For some unknown reason we only scheduled four days in the beautiful Isle of Skye, yet an entire week was spent in Edinburgh and a week in York. This planning was a bit backwards in hindsight. Much more time could have been spent in this stunning island countryside. The one day available to hike to the beautiful and unique Old Man of Storr provided only very dumpy light (photography speak), so I turned around and explored other parts of the island rather than devote an entire day to a single spot. The Old Man of Storr is the monolith in the distant background of the lead photo above.
We generally do not stay at B&B’s, preferring self-catering lodging. Yet those seemed to be lacking in the area, so a B&B it was. Typically, in a good photogenic spot such as the Isle of Skye, I rise well before the sun and often do not get back in time for the breakfast. For the above sunrise photo, my newly purchased ‘wellies’ were a must, both for walking in the mud and muck to get to this spot and for wadding into the lake once I got there. Clearly there was little wind since the lake surface is so calm, yet the two boats were moving about quite rapidly. I could not take a long exposure or they would have been blurred as they moved around the lake, in and out of my photo frame.
On our first night in Portree, Scotland we ate at a high end restaurant within a very upscale hotel suggested to us by our B&B owner. We generally prefer pub grub. The view of the harbor and colorful houses on the other side could not have been more magnificent and the food was great. Yet after being on the road exploring Europe and the British Isles for almost five months one gets a bit weary of it all. For me, guilt sets in since we are not excited enough nor appreciative enough of the beautiful and unique sites we are seeing.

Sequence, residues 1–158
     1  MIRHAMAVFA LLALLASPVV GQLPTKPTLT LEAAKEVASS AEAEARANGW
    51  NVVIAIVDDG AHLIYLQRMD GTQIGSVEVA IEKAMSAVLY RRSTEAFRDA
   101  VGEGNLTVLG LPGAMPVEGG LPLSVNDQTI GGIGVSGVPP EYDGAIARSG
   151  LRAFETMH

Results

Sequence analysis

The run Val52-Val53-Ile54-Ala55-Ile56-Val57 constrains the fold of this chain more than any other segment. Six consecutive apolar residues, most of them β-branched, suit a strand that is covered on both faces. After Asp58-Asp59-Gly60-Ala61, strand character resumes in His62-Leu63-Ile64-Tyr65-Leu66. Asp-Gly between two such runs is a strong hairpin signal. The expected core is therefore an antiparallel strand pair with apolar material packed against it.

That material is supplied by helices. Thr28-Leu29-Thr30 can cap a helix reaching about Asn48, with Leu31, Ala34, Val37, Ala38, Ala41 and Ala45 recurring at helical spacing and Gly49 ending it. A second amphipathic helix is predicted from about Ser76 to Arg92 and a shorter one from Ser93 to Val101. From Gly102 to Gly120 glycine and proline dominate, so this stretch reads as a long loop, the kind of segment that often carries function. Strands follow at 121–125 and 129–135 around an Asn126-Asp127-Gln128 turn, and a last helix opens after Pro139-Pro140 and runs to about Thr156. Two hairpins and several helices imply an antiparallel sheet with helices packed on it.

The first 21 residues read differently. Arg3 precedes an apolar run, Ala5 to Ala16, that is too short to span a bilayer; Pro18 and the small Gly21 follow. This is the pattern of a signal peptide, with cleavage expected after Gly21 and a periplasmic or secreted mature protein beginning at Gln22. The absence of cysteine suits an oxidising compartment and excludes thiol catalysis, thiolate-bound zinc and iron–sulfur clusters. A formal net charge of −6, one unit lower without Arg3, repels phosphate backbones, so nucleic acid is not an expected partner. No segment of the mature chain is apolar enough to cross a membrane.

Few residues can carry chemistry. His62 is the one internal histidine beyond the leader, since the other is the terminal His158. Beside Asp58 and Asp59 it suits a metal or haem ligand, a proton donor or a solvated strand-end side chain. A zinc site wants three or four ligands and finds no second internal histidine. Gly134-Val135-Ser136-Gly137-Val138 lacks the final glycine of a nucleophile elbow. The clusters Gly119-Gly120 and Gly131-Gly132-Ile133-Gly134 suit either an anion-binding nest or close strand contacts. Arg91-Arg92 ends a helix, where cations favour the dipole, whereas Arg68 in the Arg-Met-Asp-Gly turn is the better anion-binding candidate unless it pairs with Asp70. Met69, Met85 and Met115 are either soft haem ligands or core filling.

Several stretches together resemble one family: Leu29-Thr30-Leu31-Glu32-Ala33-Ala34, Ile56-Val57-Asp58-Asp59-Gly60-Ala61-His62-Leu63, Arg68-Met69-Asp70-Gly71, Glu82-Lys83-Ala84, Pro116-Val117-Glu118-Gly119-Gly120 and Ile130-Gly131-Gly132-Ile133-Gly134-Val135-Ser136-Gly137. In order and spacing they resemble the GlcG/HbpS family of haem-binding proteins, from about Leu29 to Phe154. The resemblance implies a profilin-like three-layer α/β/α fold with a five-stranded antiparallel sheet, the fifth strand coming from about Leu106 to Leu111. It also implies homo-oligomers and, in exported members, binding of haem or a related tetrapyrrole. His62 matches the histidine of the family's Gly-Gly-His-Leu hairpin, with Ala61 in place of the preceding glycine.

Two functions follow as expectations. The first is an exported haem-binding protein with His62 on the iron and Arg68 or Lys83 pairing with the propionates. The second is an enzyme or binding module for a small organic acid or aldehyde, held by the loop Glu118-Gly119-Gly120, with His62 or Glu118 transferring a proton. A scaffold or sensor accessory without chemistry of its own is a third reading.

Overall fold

When looking at the Isle of Skye on the map, it appears quite small and it seemed to me driving from one photo spot to the next would be quick and easy. The drive to the westernmost point on the island proved this was not the case. The trip out to Neist Point Lighthouse was long and arduous. Narrow, one lane roads seemed to take you into ranchers’ back yards, past sheep laying down in the road, coupled with steep inclines with few signs marking the route. None of it seemed right. All too often a car would be riding my tail, so as soon as there was a spot in the narrow one lane road where I could pull over, I would do so. Then it was a game to see how long I could keep up with the crazy local driver ahead of me clearly familiar with every dip and turn. After a short while I would no longer see their tail lights and it was back to creeping along at my own cautious speed. Hitting a lamb was not an experience I wanted to share in my BLOG. There surely must be a name used by the locals for people like me who drive slow as molasses in January, then given a chance to follow a speeding local through the twisting lane we drive faster than seems reasonably safe, only to soon be left in their dust, limping along until the next local car finds a passing spot to lead me. One such car I followed seemed to be driven by a cute young blond girl. She may have seen me, an old gray haired guy. For all I knew, she thought I was chasing her and she kept trying to drive faster and faster to lose me. Soon enough, she did…. Plenty of people made it to Neist Point Lighthouse, as it was crowded with picnickers, hikers and photographers when I finally arrived. The lighthouse and surrounding buildings are now owned by a local lady. What a unique, magical piece of property! The buildings used to be rented out to the public, but no more, I understand.